Thursday, May 04, 2006

License To Thrive

In this morning's PG, Ruth Ann Dailey provides us with an amusing and informative behind-the-scenes look at "the happiest room in county government, the marriage license department of the Register of Wills office" of Allegheny County in downtown Pittsburgh. I used to go there quite often to do genealogical research. It's one of the few places where you can view (and copy) the actual signatures of your ancestors who lived over 100 years ago.

Procedures have changed quite a bit since the Commonwealth of Pennsylvania began requiring civil marriage recording in 1885. The oldest application forms were very simple; the parties had to testify that they were unrelated by blood in any way, and if one or both parties were under age 21, a parent or guardian had to sign a separate form endorsing the union. Exact birthdates were a requirement as well, along with profession of the groom, since most women were homemakers in those days. And if one of the parties had been married previously, they had to give the exact date of divorce or spouse's death.

A few years later, the form was extended to include thing like "Are they drunk?", and replaced the birthdate with a simple age in years, which is a letdown for genealogists looking for every last detail of a person's life. Names and birthplaces of the couple's parents were now included. Also added was a requirement that the man be financially and/or physically able to support a family. The homeless and disabled need not apply!

Missing from Ruth Ann Dailey's column is any mention of the fact that you literally have to give blood to get married here. Or do you? It turns out that the old blood test is no longer a prerequisite to getting married in this jurisdiction. When I married over ten years ago, my bride and I each donated a vial of blood to prove that we were serious about getting married. Why else would you need to relinquish a few CCs of precious bodily fluids for a marriage license? We found out why when the County mailed us the test results.

The government was checking us for syphillis.

Now, I can see why there would be concern over giving state sanction to the legal union of people who are (presumably) going to be having sex (if they haven't already been doing so) after they have contracted some nasty venereal disease. But why limit it to syphillis? Because that was the prevailing form of nastiness when the blood test requirement was made law. If such a law had been passed in, say, 1990, it might have been an AIDS test. I'm just glad the blood test is a thing of the past, and I wish it had been so eleven years ago.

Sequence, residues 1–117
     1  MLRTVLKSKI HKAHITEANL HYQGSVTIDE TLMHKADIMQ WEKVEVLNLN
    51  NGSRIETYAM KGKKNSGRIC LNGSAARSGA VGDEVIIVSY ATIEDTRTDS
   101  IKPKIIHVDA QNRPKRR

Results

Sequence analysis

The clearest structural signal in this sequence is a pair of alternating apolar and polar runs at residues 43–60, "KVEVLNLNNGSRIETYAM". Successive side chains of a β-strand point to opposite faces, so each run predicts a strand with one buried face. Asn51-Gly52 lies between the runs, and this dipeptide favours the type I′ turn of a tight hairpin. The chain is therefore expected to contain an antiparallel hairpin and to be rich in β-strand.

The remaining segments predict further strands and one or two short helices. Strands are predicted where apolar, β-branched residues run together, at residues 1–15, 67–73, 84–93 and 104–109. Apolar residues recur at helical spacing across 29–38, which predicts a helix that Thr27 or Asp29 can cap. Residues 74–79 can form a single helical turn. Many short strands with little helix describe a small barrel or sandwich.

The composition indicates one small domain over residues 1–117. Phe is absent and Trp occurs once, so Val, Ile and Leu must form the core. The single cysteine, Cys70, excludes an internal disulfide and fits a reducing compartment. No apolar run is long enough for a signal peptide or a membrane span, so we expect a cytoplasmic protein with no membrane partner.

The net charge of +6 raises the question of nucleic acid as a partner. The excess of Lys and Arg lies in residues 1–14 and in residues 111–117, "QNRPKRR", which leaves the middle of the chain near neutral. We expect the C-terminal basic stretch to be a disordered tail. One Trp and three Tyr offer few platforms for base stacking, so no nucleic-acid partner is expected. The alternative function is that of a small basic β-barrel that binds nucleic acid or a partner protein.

My other exposure to old marriage records goes all the way back to the old country. When Napoleon extended the boundaries of his empire to the Rhein, the part of Germany where most of my ancestors lived came within the jurisdiction of the Empire of the French. The Code Napoleon had rather strict requirements for recording major life events such as birth, death and marriage. Up to that time, there was no civil record of life events in that part of the world; you have to rely on church books for baptism, burial and wedding data. In addition to the usual birth and family data, the civil marriage record included signed testimony from four witnesses as well as "present and consenting" parents.

After the fall of Napoleon, the Rhenish districts continued to maintain civil records (now in German rather than French) for life events in the Napoleonic style. Military service was now mandatory for young men within this jurisdiction, since the government wanted to have a defense force ready in the event of another Napoleonic type invasion. So strict was the military service requirement that a man could not marry unless he had served his time in the army.

These old German marriage records were recorded on forms, not unlike the forms we use here, but with less pre-printed text. 80% of the form had to be hand written. After getting through the language recording the recent family history of both parties, the recorder then had to compose an essay detailing the groom's military service. This is nice for today's genealogists as it includes dates of service, which division the groom served in, and the location of the office that issued the discharge. It was quite a lot to write, but much of the information was standard, so the recorder was basically composing the same text over and over, altering only the details pertaining to the bride and groom.

As you can see, those records contain quite a bit of information beyond what is required today. Considering the amount of ink spilled, the number of people involved in signing the document, and the military requirement, I suppose I shouldn't complain about being made to shed a little blood for a syphillis test eleven years ago.

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